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Agencies launch 'massive response' after Typhoon Haiyan devastates Philippines

08 November 2013


Aftermath: a devastated downtown area in Tacloban city, on Leyte Island, on Sunday 

Aftermath: a devastated downtown area in Tacloban city, on Leyte Island, on Sunday 

AID agencies are mounting a "massive response" as the scale of the devastation caused by Typhoon Haiyan in the Philippines becomes clear.

Officials are now warning that up to 10,000 people may have died when the typhoon tore through the central Philippines on November.

The charity World Vision said in a statement that it was aiming to provide life-saving essentials to 1.2 million people in the aftermath of the storm, which some are calling the most powerful ever to ever hit land.

Many of their Philippines staff, the charity said, are also victims of the typhoon: 37 of them had suffered damage to their homes. One World Vision worker, Erna Tupaz, said: "The typhoon totally destroyed our house. We're living with neighbours now. I can't do anything but to cry." A World Vision emergency specialist, Aaron Aspi, said: "It was like waking up from a nightmare."

Grace Baloro, a World Vision worker with family on the island of Leyte, which was badly hit by the storm, said: "I'm worrying about my two children. I don't have any contact with them yet. I left them with their nanny." 

The Government announced on Sunday that it would donate £6 million to provide "crucial humanitarian aid", but the head of the Philippines Red Cross, Richard Gordon, told the BBC that the situation was "absolute bedlam". "There's an awful lot of casualties; a lot of people dead all over the place; a lot of destruction," he said. "It's absolute bedlam right now, but hopefully it will turn out better as more and more supplies get into the area."

Speaking on Friday, Alwynn Javier, a Christian Aid senior programme officer in the capital, Manila, said that the damage was likely to be colossal. "This is on a scale never been seen before. It has covered a vast area, including islands where the infrastructure was already limited. Air and seaports are closed, and power lines are down, cutting off entire provinces and leaving many communities stranded."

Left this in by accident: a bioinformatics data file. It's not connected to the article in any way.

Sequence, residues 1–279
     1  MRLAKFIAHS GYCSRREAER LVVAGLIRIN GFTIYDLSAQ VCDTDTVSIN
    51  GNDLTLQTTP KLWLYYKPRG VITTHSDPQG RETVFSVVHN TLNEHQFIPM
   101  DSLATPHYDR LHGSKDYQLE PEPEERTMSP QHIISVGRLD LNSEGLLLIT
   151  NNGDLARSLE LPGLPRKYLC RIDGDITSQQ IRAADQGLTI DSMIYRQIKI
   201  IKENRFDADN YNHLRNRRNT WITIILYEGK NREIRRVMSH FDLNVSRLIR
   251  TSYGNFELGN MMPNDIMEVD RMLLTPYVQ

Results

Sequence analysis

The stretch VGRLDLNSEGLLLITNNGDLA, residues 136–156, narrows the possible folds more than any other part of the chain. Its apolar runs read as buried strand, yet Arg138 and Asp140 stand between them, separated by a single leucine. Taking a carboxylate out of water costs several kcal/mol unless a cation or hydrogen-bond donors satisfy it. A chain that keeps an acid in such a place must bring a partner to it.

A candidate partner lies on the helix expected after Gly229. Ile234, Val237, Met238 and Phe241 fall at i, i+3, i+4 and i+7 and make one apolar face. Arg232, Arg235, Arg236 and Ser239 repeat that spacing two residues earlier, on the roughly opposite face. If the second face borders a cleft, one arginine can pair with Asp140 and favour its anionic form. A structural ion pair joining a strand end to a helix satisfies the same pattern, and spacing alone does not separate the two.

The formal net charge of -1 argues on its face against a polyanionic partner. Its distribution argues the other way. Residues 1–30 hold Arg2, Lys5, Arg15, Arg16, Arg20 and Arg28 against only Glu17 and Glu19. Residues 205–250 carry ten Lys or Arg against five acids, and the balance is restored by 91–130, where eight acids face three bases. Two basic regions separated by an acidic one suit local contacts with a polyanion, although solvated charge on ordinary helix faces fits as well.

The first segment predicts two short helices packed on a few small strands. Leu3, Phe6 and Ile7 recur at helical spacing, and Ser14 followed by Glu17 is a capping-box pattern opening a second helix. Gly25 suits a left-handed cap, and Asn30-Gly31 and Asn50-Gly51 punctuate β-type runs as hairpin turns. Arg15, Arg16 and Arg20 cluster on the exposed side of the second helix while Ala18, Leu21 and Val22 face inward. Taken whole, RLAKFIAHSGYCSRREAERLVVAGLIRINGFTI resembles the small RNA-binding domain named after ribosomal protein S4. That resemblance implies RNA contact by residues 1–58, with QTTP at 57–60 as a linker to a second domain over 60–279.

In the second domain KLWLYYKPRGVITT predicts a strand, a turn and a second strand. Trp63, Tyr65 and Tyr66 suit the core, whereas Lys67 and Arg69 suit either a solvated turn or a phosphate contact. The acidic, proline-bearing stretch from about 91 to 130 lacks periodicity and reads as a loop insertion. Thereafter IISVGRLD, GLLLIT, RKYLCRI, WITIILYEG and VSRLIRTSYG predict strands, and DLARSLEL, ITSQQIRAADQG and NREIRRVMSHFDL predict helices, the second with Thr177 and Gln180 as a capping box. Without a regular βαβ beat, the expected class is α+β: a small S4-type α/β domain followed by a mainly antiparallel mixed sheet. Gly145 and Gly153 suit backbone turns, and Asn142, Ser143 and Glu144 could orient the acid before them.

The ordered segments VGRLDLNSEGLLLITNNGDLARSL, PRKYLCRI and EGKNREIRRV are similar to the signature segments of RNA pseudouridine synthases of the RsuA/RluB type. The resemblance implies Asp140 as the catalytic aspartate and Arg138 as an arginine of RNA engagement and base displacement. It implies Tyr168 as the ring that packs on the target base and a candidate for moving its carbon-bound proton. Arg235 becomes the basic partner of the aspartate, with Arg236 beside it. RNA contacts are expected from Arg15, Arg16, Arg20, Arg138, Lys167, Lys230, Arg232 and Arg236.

A regional emergency manager for Christian Aid, Coree Steadman, said that the organisation had not been able to get in touch with its local partners because of the devastation caused by the storm.

"It is not just the strength of the typhoon," she said, "but the scale of it - it has affected 15 provinces, two of which were also hit by the earthquake. Our priority now is responding to immediate needs: food, household items, blankets, and shelter materials. We will also be looking at the extent of the damage to livelihoods as part of our assessment. In the next few weeks, we will be able to respond for longer term rehabitation."

The storm struck the central Philippine islands of Leyte and Samar, and northern parts of Cebu. A spokesman for World Vision said that the charity had been unable to contact staff in Tacloban City, in Leyte. The charity said that it would be sending relief teams to the Visayas region, which was worst hit by the typhoon, as well as continuing its support of up to 7000 families affected by last month's earthquake. The BBC is reporting that Tacloban has been flattened by the storm, and that bodies are piling up in the streets as aid struggles to reach the town.

The chief executive of Tearfund, Matthew Frost, asked the charity's supporters to pray for the relief effort in the Philippines. "As well as the urgent and practical things, like helping people have a roof over their heads, we know that there will be a lot of grief as people come to terms with bereavement," he said. "We must pray for the thousands of people who are grieving and ask God how he wants each of us to respond to their needs.

"Please also pray for the churches who are sending teams out, many of whom will travel long distances by motorbike, that their teams would stay safe and well on their travels, and that they would be able to bring hope to the people they meet."

On Monday, the Archbishop of Canterbury sent a message of prayer and solidarity to all those affected by Typhoon Haiyan:

"The news of the devastating storm in the Philippines is tragic, and my heart goes out to the people there. We are all deeply shocked and saddened to hear of the loss of thousands of lives and of the suffering of millions as a result of Typhoon Haiyan.

"Our prayers are with all who have lost loved ones and all those who are traumatised by the disaster and in desperate need of food, water, shelter and medical attention. We pray for those who are most vulnerable in this crisis: children separated from their parents, the sick and injured, the disabled and the elderly.

"As a Church, we will stand beside the people of the Philippines at this devastating time, offering all we can in practical and spiritual support as the scale of the disaster unfolds.

"I note that the relief work has already commenced and my prayer is that governments, agencies, churches and individuals will respond generously to help the people of the Philippines to recover and rebuild their shattered lives.

"May the victims of this terrible storm know God's comfort and derive strength from their faith."



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